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New EU laws make UK’s complex Brexit ever more difficult

New EU laws make UK’s complex Brexit ever more difficult

By: , Legal Correspondent

A further 1,260 rules might be applicable by the point of departure in March 2019

More than 700 new EU laws have been introduced into the UK since the Brexit referendum, highlighting the scale and complexity of the task facing the government when it begins the process of deciding which European legislation to keep or scrap.

On average, 60 EU regulations and directives have been added to the British statute book every month since June 2016, according to research by the legal division of Thomson Reuters.

That adds to the estimated 19,000 EU regulations, directives and other rules that are already part of UK law.

If that rate continues until the end of March 2019, the anticipated time of Britain’s departure from the EU, a further 1,260 European laws will have become applicable in the UK by the point of Brexit.

“While we’re negotiating an exit [from the EU], the amount of legislation arising out of our membership is increasing all the time,” said Daniel Greenberg, counsel for domestic legislation in the House of Commons. “More water is flowing into the tub at the same time as we are getting ready to pull the plug.”

The number and range of European laws introduced since the Brexit referendum illustrates the potential for some of these regulations and directives to pose obstacles during the UK’s negotiations to leave the EU.

According to Thomson Reuters, the new laws touch on a huge variety of matters, from management of deep-sea fish stocks in the Atlantic to expanded sanctions against North Korea.

The day after Brexit takes effect the European Communities Act 1972 is due to be repealed, stopping EU law from applying to the UK, according to a white paper on the government’s planned Great Repeal Bill.

This bill aims to transpose all EU laws on to the UK statute book, in order to avoid a legislative “black hole” and ensure what David Davis, the Brexit secretary, has called a “calm and orderly exit”.

The idea is that parliament will then be able to decide whether to amend or scrap some of the EU laws that have been enshrined in domestic legislation — a task that is likely to take decades.

Some longstanding EU laws, such as the directives on working time and renewable energy, are expected to be particular targets for Eurosceptic MPs and peers.

But the flow of new measures from Brussels identified by the Thomson Reuters research will add to the volume of legislation that parliament will have to choose whether to change or abolish.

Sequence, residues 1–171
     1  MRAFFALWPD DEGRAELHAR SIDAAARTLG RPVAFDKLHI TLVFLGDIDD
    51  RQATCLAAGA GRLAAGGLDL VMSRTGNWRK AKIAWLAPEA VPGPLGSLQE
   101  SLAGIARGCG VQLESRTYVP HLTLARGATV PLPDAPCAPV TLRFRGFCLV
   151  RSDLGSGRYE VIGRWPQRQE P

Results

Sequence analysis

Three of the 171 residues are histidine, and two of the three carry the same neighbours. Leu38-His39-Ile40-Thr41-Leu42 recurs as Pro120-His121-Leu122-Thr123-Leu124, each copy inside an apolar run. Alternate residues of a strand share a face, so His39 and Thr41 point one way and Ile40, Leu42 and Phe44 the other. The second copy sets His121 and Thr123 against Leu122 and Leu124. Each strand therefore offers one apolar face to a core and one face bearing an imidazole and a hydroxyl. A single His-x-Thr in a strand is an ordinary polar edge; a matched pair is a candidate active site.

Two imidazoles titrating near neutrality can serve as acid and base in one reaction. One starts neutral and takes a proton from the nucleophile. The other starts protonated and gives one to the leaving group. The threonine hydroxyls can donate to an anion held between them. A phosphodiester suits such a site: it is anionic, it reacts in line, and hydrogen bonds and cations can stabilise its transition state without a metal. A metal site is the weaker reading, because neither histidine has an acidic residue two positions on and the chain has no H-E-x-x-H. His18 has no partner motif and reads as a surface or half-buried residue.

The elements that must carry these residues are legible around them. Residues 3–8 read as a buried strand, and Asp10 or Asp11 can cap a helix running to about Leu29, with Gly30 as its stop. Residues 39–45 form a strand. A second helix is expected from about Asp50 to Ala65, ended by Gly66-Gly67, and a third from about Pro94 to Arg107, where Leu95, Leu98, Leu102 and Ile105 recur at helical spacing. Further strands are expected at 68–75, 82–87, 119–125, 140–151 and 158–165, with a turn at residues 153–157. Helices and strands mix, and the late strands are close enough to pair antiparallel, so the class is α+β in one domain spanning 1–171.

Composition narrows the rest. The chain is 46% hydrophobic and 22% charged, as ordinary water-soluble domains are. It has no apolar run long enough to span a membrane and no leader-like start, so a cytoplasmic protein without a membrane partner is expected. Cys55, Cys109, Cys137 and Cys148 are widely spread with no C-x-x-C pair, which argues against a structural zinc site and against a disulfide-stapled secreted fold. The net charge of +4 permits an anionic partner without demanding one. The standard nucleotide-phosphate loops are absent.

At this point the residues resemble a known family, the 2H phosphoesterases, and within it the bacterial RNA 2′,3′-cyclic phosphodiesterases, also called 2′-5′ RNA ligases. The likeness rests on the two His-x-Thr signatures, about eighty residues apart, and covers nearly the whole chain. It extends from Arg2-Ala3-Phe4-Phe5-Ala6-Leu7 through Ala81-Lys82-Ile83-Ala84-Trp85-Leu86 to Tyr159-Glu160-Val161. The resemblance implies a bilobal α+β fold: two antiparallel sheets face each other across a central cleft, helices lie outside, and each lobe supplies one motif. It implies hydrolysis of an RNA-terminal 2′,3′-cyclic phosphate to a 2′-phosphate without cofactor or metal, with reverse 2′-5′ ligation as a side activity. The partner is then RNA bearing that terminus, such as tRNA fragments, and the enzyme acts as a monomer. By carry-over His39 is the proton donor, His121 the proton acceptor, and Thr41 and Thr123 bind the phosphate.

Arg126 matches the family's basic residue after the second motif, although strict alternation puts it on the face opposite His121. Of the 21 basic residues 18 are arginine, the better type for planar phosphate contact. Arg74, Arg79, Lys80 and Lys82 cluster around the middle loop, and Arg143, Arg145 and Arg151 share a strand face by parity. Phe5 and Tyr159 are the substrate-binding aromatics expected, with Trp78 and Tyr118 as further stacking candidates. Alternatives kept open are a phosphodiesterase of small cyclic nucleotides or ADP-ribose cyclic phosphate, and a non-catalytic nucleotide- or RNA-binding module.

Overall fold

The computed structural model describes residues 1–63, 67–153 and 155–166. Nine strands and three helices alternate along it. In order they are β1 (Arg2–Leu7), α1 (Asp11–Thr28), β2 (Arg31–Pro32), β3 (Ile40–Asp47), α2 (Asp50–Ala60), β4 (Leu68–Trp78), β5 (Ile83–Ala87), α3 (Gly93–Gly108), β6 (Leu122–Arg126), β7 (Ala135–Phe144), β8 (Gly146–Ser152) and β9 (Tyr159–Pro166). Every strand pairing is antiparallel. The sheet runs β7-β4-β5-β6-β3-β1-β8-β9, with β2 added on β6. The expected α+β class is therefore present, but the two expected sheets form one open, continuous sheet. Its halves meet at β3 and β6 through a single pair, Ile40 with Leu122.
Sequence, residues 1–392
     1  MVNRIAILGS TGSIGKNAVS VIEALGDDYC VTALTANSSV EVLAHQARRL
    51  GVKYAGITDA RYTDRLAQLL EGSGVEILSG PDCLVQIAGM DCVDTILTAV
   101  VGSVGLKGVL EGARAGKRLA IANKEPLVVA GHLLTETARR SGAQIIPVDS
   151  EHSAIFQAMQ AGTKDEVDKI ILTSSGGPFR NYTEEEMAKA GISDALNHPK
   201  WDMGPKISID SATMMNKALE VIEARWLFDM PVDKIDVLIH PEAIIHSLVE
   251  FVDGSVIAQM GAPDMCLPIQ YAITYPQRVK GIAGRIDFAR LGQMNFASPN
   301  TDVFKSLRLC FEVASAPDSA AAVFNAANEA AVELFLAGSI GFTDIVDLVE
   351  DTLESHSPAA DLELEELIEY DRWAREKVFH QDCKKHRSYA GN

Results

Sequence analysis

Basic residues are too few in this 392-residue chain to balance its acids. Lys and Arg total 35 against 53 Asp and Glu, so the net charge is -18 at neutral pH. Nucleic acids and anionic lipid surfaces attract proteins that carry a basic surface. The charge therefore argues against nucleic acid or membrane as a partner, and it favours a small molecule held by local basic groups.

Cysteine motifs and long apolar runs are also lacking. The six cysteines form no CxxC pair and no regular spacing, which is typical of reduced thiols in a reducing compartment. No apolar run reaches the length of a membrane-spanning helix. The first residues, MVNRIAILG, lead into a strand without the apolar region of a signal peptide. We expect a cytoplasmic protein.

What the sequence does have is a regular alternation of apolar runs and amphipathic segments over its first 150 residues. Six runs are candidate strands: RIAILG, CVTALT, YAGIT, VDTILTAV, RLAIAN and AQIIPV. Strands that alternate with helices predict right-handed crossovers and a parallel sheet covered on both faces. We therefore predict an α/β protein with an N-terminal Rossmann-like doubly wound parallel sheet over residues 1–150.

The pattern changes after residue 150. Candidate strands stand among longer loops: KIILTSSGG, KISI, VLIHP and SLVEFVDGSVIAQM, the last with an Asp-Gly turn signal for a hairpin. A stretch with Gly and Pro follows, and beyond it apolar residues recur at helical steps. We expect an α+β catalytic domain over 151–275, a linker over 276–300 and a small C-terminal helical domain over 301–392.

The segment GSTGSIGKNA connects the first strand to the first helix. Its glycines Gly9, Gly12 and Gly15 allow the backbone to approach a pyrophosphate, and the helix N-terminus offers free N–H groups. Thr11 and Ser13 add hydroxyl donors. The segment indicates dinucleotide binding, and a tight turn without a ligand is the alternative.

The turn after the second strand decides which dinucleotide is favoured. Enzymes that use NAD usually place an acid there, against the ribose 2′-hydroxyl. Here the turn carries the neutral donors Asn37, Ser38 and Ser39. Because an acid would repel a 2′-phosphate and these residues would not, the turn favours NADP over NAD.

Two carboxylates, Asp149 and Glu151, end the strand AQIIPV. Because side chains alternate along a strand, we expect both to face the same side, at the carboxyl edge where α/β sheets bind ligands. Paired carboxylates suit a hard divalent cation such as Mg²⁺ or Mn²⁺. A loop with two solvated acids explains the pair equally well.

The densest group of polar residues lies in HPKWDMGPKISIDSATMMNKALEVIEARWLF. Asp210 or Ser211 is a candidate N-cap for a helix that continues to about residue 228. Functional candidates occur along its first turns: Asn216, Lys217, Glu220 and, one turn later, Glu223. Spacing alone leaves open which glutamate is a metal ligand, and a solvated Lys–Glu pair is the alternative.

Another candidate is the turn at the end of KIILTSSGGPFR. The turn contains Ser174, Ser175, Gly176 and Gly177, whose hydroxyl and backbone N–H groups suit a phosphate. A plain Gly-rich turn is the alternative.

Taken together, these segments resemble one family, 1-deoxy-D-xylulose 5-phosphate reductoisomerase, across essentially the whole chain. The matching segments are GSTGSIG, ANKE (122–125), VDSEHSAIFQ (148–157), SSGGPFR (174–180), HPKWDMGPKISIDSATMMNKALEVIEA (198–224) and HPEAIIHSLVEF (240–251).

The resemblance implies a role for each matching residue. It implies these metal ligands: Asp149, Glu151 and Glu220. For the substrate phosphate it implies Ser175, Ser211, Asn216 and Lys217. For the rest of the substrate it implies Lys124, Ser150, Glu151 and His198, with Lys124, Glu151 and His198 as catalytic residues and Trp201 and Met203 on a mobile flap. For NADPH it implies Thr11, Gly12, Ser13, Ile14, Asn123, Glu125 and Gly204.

The Great Repeal Bill — widely considered one of the largest legislative projects ever undertaken in the UK — is expected to be part of Wednesday’s Queen’s Speech.

The Thomson Reuters research also highlights just how quickly legislation in the UK and the EU is likely to diverge.

Only months after the point of Brexit, the EU is expected to have implemented hundreds of new laws that will not apply in the UK unless their continued application forms part of any trade deal agreed between the two sides.

“The challenge for the government’s Brexit teams is to complete the task [of exiting the EU] by March 29 2019, with the body of EU law growing all the time, and with the final desired outcome depending on the constantly shifting expected shape of the deal,” said Mr Greenberg.

Charles Brasted, a partner at Hogan Lovells, said the body of EU law, known as the acquis, was “always going to be a moving target”, adding it was likely that some European policies would prove more problematic than others to implement in UK legislation.

“But given the totality of the arrangement built up over 40-plus years, the volume [of new EU laws since the Brexit referendum] is not of itself material,” he added. “What is material is that [the acquis] is dynamic and that the substance of some of the new laws could be significant.”

A spokesperson for the Brexit department said: “We have been clear that we are a full member of the European Union until the day we leave and will continue to respect the rights and obligations of EU membership and engage with day-to-day EU business.”

The Great Repeal Bill would “enable our statute book to function on the day we leave the EU”, it added.

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